Suppose I go there next Wednesday with a notebook and ask everyone there I’m dealing with his or her name, saying I’m writing an article. People might get uneasy and get me out of there more quickly. I could take photographs. Or if I want to take another tack, I can enhance that place’s humanity – what little it has – by giving out bubblegum or lollipops to everyone.
If I want to make people laugh, I could wear a gorilla mask or bring along a hand puppet. Next Wednesday I can do a variety of things to make the long wait pleasant.
I’m almost looking forward to it with a sense of adventure. And I’m trying to put other “non-victim” principles into effect.
Yesterday I received a form letter from the English Department chairman of Nassau Community College turning me down for a Lab Assistant position. The letter stated that they wanted someone with a B.A. in English and experience in remediation. And after all, I only have two master’s degrees and teaching remediation experience.
So I called up the college and asked to speak to “Peggy” (not “Professor Haskell” – Dyer says to use first names and it worked). They said she’d call me back, but then I found out her home number and left a message there. Since I don’t really care about getting the job, I can afford to look silly or nervy; I want to see where it will get me.
I told Jonny to do the same when he found out he failed Economics even though he had a 74 average. And talk about being silly: I just sent away to the Village Voice to have this ad put in their bulletin board section: “Learn To Write Fiction — The Richard Grayson Way! Send $1 for first lesson: Grayson, 1607 E 56 St, Bklyn, NY 11234.” It’s worth the $18 to see if I get any responses. I don’t expect to, but who knows? Maybe people will see my name and think I’m an asshole – but they’ll be thinking about me, right? And maybe this will be a good way to sell Disjointed Fictions.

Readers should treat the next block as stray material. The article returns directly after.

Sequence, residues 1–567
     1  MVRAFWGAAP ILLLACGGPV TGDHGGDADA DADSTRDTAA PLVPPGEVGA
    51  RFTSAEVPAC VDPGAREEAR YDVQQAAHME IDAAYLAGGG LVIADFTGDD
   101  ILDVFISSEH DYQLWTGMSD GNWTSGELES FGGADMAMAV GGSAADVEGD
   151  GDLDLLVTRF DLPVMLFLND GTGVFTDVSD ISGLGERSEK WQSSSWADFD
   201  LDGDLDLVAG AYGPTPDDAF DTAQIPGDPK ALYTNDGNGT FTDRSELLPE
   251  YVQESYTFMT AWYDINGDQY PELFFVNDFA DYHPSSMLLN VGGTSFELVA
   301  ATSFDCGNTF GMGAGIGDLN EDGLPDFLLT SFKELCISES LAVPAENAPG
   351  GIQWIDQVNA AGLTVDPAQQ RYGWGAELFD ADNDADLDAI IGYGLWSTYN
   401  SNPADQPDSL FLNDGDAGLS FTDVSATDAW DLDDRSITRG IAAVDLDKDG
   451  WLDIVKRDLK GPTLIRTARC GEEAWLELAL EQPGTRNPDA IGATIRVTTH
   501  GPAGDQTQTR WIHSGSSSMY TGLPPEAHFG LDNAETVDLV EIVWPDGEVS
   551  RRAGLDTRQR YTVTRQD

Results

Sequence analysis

Look, we’re in New York City, the media capital of the world. I’m reasonably bright and I should be able to figure out a way to get free publicity. The strategy I’ve got to take must be creative.
For example, I’d really like my work to get to Ted Solotaroff, Eliot Fremont-Smith, Harvey Shapiro and Irving Howe – but how to get through to them past the mounds of books and manuscripts they must get every day (most of which end up at the Strand Book Store anyway)?
One idea – and you could do this only once – might be to send the books to their wives at home. At least it will get into their homes and possibly to their wives – who may feel neglected or whatever and who will mention it to them, maybe just to annoy them. It’s worth a chance, isn’t it?
If I sound silly, fine. Tim O’Brien at Bread Loaf told me that he was interested in moral issues, especially courage, and he asked me what the point of a “silly” story like “Joe Colletti” was. Well, Tim-hotshot-novelist-beloved-by-critics, maybe the point was that it takes courage to be silly these days. My biggest breakthroughs in my work have come when I stopped caring what people thought and went ahead with something idiosyncratic and playful.
The galleys of “I, Eliza Custis” arrived from Texas Quarterly and I’ve got to correct and return them by next week; the story looks very classy, and long, too.
Impact accepted “Why Van Johnson Believes in ESP,” and the editor said he loved my story in Statements 2 and was about to get in touch with me when he got my submission. Nice, huh?
Friday, June 30, 1978
8 PM. I’ve felt very creative these past few days, but it’s a creativity that hasn’t resulted in anything major, just a lot of little clever things and some ideas I’ll put away in my story file. At this point in my life, I believe I could write full-time and be happy.
Though I’ve seen no movies or shows this week, had little contact with friends, done nothing except read, write, lie in the sun, exercise, eat and sleep, I feel I’ve had an exciting week.